Alongside the UN's “Declaration of Human Rights,” there is the “Universal Declaration of Human Rights Defenders.” It is also known as the “Declaration on the Right and Responsibility of Individuals, Groups and Organs of Society to Promote and Protect Universally Recognized Human Rights and Fundamental Freedoms.”
It defines a human rights defender as anyone working for the promotion and protection of human rights through peaceful means at the national and international levels. The first was proclaimed in 1948 and the second in 1998.
Today human rights are under attack around the world and there is a slow erosion of the gains we have made. Violations are widespread. Promoting and protecting human rights is essential or we will lose them.
The latest report (2016) by Front Line Defenders on defenders at risk claims that more than a thousand were killed, harassed, detained or subject to smear campaigns. Last year, at least 281 defenders were killed in 25 countries, 49 per cent of whom were protecting land, Indigenous and environmental rights.
Human rights are violated in so many ways. At least 61 countries imprison people for exercising their rights and freedoms. Over 100 countries restrict freedom of expression and of the press. Actions taken against human rights defenders include arrest, abduction, detention, travel bans, death threats, excessive force by police, beatings, surveillance, travel bans and disappearances.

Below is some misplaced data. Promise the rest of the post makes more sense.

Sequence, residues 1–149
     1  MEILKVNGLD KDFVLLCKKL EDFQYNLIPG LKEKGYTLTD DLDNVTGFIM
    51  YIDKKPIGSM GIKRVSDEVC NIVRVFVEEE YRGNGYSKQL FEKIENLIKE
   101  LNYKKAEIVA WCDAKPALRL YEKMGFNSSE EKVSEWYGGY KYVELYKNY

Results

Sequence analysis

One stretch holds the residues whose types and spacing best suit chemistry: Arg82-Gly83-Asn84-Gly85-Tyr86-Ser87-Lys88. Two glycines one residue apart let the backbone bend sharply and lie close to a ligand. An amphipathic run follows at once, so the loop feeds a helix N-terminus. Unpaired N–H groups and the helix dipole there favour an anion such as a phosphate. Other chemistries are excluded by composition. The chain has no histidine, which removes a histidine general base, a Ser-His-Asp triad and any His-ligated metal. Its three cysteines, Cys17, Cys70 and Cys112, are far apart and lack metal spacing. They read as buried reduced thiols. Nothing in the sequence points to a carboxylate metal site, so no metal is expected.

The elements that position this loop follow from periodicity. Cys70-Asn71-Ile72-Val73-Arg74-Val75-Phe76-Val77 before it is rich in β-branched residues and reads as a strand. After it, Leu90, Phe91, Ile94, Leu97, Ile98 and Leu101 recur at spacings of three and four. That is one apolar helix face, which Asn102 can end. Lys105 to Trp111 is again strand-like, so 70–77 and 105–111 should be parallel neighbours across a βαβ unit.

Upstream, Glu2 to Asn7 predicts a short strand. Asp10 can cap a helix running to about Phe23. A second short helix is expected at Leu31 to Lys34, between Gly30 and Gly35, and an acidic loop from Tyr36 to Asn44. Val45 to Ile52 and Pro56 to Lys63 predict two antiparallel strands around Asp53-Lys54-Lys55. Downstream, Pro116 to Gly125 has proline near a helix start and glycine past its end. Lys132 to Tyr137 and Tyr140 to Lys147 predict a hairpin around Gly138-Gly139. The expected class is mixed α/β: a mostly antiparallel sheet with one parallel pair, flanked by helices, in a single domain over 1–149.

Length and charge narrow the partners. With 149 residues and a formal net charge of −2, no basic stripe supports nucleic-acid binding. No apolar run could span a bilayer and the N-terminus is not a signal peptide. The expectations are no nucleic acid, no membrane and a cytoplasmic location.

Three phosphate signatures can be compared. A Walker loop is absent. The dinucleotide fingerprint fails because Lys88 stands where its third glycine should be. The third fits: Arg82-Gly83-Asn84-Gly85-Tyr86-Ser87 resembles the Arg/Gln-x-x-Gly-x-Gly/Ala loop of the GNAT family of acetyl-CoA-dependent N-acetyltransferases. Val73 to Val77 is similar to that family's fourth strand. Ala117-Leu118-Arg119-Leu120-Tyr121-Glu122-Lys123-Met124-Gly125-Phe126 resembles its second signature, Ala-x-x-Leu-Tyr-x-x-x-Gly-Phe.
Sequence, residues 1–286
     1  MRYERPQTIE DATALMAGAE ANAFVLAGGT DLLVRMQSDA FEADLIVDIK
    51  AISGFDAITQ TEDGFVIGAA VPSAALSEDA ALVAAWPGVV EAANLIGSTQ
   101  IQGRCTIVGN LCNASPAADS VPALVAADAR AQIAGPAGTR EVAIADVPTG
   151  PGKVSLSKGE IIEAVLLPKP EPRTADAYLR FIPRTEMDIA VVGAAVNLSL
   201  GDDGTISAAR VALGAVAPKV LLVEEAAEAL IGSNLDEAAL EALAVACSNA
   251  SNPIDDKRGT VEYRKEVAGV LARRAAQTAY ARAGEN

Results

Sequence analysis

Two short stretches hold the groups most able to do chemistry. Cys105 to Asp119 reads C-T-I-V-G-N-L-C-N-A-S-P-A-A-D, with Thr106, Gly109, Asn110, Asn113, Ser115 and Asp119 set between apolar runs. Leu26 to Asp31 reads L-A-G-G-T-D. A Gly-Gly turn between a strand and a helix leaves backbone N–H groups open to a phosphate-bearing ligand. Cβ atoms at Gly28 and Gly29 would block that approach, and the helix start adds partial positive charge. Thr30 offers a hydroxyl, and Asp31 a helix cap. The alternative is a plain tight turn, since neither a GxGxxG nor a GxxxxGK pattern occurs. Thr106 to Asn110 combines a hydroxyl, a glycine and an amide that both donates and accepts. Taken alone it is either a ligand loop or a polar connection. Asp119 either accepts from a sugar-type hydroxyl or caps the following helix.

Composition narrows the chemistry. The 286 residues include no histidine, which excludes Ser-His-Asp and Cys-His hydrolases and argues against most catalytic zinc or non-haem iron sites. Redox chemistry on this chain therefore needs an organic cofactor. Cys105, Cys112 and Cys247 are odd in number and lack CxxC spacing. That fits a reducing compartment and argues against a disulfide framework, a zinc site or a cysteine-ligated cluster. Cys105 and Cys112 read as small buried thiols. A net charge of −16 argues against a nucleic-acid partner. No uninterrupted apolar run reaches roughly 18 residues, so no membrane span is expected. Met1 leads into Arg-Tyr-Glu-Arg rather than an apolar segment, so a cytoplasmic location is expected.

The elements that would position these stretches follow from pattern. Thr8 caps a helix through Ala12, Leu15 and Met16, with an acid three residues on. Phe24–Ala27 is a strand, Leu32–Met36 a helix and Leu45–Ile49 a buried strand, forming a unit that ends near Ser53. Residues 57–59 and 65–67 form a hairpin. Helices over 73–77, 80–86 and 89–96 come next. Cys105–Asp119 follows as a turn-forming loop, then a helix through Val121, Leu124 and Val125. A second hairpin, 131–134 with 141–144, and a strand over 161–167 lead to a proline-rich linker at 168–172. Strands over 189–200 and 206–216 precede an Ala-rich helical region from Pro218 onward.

Amnesty International has launched the “We Defend” campaign in solidarity with human rights defenders around the world. The mantra is that threats on human rights defenders are threats to all of us. Oxfam is voicing its concern about the treatment of human rights defenders in Latin America. Non-governmental organizations like the Centre for Applied Human Rights, the International Federation for Human Rights, the World Organisation Against Torture, and Human Rights First are engaged in the defence of human rights.
The Universal Declaration of Human Rights opens with the words, “Whereas recognition of the inherent dignity and of the equal and inalienable rights of all members of the human family is the foundation of freedom, justice and peace in our world.”
The declaration projects a vision for our world which expresses the ultimate values of our common humanity.
We can never take human rights for granted. We always need to be on guard. We must call out injustice wherever it happens. Such an engagement can be costly, and for some it costs their very lives. Once again, on Nov. 11, in a different but related context, we remember the costly sacrifice of opposing tyranny and defending freedom.
Conception Bay South